1 – Supernova and Neutron Stars

Supernova and Neutron Stars
Stellar evolution. Life cycle of a star. from Stellar nursery and Red giant, to Black and White dwarfs, Planetary nebula, Supernova, Pulsar, Neutron star, and Black hole

It is always fascinating to look up and see the marvels of nature. The most astonishing of all are Supernova and Neutron Stars. They are the forerunners of the most mysterious Steller object “The Black Holes“.

Supernova and Neutron Stars Shining

When the largest of stars explode, for a brief moment that Supernova and Neutron Stars will outshine every star in their galaxy combined, unleashing energies that will shred their orbiting planets and might sterilize thousands of neighboring solar systems. Of course Supernovae are already an engine of creation, and are well known for their role in creating all the heavier elements we need to live from the hydrogen and helium forged shortly after the Big Bang.

But giant stars exploding is just one type of Supernova, and neither it nor the other types are the only source of those heavy elements, many of which are not even created in your typical supernova. Virtually every star in the Universe is from 8% our Sun’s Mass to 8 times our Sun’s mass, but we do have rare stars more massive than that, some more than a hundred times more massive than our Sun.

Burnt up Fuel of Supernova and Neutron Stars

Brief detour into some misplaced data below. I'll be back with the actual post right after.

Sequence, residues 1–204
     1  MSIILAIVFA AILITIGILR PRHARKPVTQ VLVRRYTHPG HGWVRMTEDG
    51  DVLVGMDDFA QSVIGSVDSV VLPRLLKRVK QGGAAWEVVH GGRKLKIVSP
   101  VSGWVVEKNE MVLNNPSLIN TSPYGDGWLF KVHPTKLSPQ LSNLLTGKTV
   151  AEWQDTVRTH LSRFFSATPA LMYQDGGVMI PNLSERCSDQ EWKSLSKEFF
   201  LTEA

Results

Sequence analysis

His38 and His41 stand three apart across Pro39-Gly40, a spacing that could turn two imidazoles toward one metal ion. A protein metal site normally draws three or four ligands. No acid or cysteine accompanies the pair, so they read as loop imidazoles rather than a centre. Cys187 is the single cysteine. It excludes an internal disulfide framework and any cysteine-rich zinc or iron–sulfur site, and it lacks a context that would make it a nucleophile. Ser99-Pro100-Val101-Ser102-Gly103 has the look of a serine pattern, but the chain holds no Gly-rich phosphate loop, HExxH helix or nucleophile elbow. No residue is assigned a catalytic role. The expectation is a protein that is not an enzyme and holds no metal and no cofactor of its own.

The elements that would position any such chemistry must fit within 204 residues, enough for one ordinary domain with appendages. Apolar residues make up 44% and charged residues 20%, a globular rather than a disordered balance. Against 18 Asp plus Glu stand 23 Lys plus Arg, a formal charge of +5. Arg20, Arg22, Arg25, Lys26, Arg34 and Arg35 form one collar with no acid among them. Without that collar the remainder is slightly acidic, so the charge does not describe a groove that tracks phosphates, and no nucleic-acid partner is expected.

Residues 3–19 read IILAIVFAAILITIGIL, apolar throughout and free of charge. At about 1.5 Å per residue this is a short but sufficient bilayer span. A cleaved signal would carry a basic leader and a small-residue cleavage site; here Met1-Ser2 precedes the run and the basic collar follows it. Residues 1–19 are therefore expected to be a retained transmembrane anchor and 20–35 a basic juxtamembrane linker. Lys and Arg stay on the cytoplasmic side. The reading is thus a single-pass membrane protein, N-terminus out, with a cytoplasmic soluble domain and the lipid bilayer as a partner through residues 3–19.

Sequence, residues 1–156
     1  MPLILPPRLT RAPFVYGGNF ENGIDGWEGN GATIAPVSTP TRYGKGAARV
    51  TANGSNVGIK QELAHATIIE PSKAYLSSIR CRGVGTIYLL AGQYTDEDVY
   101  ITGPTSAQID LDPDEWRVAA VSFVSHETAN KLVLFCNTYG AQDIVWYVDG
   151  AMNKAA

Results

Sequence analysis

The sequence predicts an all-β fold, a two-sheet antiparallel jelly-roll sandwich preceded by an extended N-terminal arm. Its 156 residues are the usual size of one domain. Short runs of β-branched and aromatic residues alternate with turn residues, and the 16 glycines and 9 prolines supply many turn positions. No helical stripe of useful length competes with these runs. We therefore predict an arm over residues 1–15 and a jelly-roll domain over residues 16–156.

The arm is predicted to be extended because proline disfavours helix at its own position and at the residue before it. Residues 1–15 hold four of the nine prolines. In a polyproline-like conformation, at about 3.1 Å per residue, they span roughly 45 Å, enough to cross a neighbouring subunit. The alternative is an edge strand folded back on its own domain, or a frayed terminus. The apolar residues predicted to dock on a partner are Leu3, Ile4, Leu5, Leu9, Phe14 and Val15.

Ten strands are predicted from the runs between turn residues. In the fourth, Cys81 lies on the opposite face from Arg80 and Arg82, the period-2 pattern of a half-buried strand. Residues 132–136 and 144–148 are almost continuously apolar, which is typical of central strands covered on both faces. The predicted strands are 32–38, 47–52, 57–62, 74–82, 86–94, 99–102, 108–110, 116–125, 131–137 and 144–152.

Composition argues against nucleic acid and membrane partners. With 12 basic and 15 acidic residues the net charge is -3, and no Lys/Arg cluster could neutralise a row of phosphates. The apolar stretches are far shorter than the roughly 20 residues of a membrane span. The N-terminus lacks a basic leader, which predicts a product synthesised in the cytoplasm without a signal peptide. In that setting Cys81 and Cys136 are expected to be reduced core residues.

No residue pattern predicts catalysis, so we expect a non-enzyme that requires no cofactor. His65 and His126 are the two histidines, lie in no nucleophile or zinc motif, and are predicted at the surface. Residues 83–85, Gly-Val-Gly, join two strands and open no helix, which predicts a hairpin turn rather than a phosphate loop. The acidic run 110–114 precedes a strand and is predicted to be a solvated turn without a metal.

Supernova and Neutron Stars are easy to see as they are many thousands of times brighter than our own Sun, some being even more than a million times brighter. They are not thousands or millions of times more massive than our Sun though, and this is part of why they are few in number.

Very large stars burn their fuel up far faster and less efficiently than most stars and they die quickly. Indeed the biggest might only live a million years, while the smallest stars might live over a trillion, and in comparison the one is a dim campfire that will burn all night while the other a truckload of TNT set off in under a second.

Such giant stars might end in a fiery explosion but compared to a red dwarf, their entire lifetime is essentially a brief fiery explosion. Such being the case it results in an assumption that you would never colonize star systems too close to a giant star that was a supernova candidate.

Life Time Relativity of Stars

We need to remember that everything is relative, and we use the term ‘astronomical’ to talk about something being huge or hugely improbable precisely because the astronomical scale is so insanely big compared to our own existence.

If someone told me that they had two options and only two options, to settle a giant star set to die in a million years, along with its dozens of neighbors, or to stay home and colonize nothing, then even knowing they would die, even if I was certain that was the only outcome, I would still tell them to ship out to that supergiant and its endangered neighbors, because a million years is as long as humanity has even been around and a hundred times longer than human civilizations have truly existed.

Orange Nebula with stars on background

Understanding Life Cycle of Supernova and Neutron Stars